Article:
/ Modified jun 16, 2021 9:04 p.m.

Heat wave grips US West amid fear of a new, hotter normal

It's raising concerns that such extreme weather could become the new normal amid a decades-long drought.

Hot heat sun temperature cactus saguaro The highest temperature ever recorded in Tucson was 117 degrees, in 1990.
Nick O'Gara, AZPM

An unusually early and long-lasting heat wave has brought more triple-digit temperatures to a large swath of the U.S. West.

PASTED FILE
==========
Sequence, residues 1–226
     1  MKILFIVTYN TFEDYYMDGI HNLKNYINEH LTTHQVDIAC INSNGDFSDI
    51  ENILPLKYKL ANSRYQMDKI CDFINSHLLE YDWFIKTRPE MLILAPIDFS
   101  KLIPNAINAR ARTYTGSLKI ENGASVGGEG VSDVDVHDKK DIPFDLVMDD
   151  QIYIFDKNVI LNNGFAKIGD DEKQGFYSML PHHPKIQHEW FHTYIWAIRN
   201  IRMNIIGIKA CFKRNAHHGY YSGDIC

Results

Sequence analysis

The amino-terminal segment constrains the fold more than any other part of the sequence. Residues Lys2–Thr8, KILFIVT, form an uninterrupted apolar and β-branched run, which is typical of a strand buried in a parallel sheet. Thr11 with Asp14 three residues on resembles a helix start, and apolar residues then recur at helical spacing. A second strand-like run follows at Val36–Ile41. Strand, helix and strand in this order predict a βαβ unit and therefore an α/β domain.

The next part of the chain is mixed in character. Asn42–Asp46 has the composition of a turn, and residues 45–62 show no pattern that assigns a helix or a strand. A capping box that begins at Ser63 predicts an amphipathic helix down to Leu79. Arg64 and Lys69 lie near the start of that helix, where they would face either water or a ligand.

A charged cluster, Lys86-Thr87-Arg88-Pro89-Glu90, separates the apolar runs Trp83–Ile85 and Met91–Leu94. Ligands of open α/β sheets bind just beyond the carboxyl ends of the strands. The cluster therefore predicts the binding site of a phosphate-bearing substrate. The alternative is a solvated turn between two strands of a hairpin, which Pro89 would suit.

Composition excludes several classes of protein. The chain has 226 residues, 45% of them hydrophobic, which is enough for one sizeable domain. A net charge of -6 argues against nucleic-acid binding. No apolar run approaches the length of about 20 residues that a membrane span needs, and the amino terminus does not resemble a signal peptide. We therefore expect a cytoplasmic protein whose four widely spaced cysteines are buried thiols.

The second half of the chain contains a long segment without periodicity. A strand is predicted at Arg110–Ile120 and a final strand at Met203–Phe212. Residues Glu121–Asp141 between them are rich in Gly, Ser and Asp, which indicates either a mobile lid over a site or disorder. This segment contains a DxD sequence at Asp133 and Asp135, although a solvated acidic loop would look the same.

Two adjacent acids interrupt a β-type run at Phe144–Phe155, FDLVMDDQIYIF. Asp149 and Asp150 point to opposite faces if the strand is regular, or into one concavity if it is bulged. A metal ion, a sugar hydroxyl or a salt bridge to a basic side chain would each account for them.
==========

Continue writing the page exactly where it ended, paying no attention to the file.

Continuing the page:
It's raising concerns that such extreme weather could become the new normal amid a decades-long drought.

Phoenix is seeing some of the highest temperatures this week, expecting to hit 115 degrees Wednesday and 117 the next two days.

Scientists who study drought and climate change say that people living in the American West can expect more of the same in the coming years.

Cooling centers opened in Tucson and the San Francisco Bay Area, people flocked to a lake in Denver amid expected triple-digit heat, and hot weather made it tougher to fight wildfires in Montana.

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